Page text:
In 2010 I wrote an article on Chinese literature since 2000 for the book Culturescapes China, which came out in Basel, Switzerland, in September 2010[16]. I began with the situation in spring 2010, the situation of writers and intellectuals in China. Censorship is a word that was and is still very often connected with cultural activity in China. But there were hopeful signs, too. For the first time, there were larger strikes in factories in the south. Emancipation of migrant workers seemed to be coming, better working conditions, better pay. And although there had been major uprisings and crackdowns in 2008 and 2009, although huge swaths of China were cut off from reliable mobile phone signals and from Internet access, although the word “civil society” itself was banned, informal citizen’s organizations continued to form, and with the Twitter-like Weibo 微波 micro-blogs, public debate, public awareness of citizen’s rights and spontaneous solidarity, up to certain extents, has become as vibrant as ever. Ai Weiwei, China’s most famous dissident artist, was detained at a secret location. Many lawyers, writers and activists were silenced through various means, as the government feared a so-called Jasmine Revolution, modeled after the protests in Arab countries. Liu Xianbin 劉賢斌, co-founder of the Democratic Party in 1998, got another 10 years in a labor camp, after signing Liu Xiaobo’s Charter 08. All this happened in the first half of 2011. But at the same time, blogs and the Weibo microblogs continued to raise and debate sensitive topics, like the food scandals, housing bubbles and inflation, and corruption in various forms. It was on Weibo that people first heard about the imminent release of Ai Weiwei, after 81 days in captivity. After the tragic high-speed train accident in Wenzhou 溫州 in July, reports and debates in print and other media were largely tolerated at first, then suppressed. But the debate continued online.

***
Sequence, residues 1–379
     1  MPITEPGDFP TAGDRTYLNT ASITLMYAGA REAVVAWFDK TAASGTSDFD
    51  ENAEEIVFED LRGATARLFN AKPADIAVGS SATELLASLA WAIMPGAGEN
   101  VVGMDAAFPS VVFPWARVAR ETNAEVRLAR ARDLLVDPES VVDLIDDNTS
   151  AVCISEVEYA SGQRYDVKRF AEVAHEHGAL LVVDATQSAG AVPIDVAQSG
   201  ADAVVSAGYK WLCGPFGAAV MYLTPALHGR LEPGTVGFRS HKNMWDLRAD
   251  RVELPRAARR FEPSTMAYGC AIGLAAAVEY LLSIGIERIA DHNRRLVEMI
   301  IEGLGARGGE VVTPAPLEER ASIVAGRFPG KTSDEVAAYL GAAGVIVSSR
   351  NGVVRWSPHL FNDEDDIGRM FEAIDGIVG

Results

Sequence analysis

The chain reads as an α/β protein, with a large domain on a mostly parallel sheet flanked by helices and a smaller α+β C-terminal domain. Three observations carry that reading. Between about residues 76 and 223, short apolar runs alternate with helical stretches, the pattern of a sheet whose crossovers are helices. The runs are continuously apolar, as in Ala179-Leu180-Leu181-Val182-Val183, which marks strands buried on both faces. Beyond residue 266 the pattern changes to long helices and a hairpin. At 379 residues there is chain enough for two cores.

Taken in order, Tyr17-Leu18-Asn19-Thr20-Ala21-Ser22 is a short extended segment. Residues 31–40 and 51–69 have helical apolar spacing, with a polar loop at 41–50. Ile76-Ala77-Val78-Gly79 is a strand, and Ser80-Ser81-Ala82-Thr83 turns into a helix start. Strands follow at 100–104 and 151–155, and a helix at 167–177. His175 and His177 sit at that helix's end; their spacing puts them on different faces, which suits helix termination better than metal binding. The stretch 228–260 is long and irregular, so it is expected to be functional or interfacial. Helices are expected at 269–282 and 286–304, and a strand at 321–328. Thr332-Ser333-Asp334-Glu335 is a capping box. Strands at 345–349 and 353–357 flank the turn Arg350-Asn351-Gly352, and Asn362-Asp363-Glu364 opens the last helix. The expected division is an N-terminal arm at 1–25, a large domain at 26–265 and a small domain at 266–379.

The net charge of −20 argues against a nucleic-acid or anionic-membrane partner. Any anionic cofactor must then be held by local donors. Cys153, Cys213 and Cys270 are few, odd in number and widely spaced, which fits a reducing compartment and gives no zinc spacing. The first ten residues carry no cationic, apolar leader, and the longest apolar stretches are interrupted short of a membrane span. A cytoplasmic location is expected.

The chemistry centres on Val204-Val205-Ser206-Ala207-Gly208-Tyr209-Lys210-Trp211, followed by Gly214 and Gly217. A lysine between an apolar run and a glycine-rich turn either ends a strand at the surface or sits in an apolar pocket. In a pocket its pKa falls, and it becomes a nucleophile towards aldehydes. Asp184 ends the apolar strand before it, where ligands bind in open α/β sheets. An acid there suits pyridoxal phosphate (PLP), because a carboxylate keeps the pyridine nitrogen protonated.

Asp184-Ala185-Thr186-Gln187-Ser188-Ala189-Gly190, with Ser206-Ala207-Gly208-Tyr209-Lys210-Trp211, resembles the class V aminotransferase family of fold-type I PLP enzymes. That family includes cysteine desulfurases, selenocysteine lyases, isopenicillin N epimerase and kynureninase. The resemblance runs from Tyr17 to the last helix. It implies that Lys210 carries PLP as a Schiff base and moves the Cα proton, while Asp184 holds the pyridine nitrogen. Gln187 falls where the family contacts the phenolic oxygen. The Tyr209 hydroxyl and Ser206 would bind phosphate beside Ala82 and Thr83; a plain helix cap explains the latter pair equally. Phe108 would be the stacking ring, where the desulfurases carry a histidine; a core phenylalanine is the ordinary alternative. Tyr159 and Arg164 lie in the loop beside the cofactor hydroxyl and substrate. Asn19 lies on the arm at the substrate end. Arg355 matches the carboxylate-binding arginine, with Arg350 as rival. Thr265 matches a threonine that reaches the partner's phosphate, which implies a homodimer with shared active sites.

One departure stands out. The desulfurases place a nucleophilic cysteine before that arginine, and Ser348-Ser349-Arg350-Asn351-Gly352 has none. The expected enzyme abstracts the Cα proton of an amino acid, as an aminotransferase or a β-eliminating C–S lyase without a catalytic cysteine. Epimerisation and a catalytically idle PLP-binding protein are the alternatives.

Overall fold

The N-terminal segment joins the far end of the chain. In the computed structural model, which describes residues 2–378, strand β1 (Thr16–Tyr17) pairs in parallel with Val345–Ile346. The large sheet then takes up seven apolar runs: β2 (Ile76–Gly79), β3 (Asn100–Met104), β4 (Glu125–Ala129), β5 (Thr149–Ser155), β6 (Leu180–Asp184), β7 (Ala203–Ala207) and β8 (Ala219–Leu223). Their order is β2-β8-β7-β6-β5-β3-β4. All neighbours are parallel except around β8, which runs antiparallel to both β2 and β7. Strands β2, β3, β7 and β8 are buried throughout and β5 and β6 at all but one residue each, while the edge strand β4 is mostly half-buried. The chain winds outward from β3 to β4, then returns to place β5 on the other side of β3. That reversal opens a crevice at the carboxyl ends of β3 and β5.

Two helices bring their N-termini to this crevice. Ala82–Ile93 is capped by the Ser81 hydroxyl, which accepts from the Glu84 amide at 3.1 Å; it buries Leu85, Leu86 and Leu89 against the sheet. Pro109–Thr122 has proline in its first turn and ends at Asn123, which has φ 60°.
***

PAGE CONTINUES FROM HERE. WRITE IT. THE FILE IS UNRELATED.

Links and traces


Huang Liang 黃梁 begins his line of independence and emancipation in poetry in the 1960s. Independence and emancipation from what? From the established poetic language, dominating in the Cultural Revolution. Huang gives a few examples, full of pathos and the violence. And then he begins to introduce important figures of the literary underground. There is Huang Xiang 黃翔 from Guizhou, active since around 1960, at the time of the Great Leap Forward famine. He was often imprisoned and is now in exile. And there are the young people beginning to write in the Cultural Revolution, when they were sent to work in the remote countryside, indefinitely, as it was planned. Shi Zhi 食指, Mang Ke 芒克, Duo Duo 多多, Bei Dao 北島 and others became the Jintian-circle, they are well known. But Huang Liang begins with another young poet, who was killed in the Cultural Revolution. He was Guo Shiying 郭世英, son of Guo Moruo 郭沫若. Guo Moruo had been a famous writer since the 1920s, and he was the only prominent writer who was not persecuted in the Cultural Revolution, maybe because he had exchanged poems with Mao. But he lost two sons. There is a small museum in Guo Moruo’s house in Beijing. The exhibition emphasizes the ideals of his youth, his studies abroad, enlightenment, national awakening, anti-fascism. International connections. And then a broken connection, in many families.


Huang Liang quotes nonsense verse from Guo Shiying 郭世英, a poem with a main character called Shitbucket Xiao fenkuang 小糞筐[17]. Actually, as Huang explains, Shitbucket makes sense. Guo probably had to clean toilets every day in his imprisonment. Ai Qing 艾青, a famous Communist poet since the 1930s, father of Ai Weiwei, had to clean toilets every day for five years, when Ai Weiwei was small child and grew up where his father was banished in remote regions.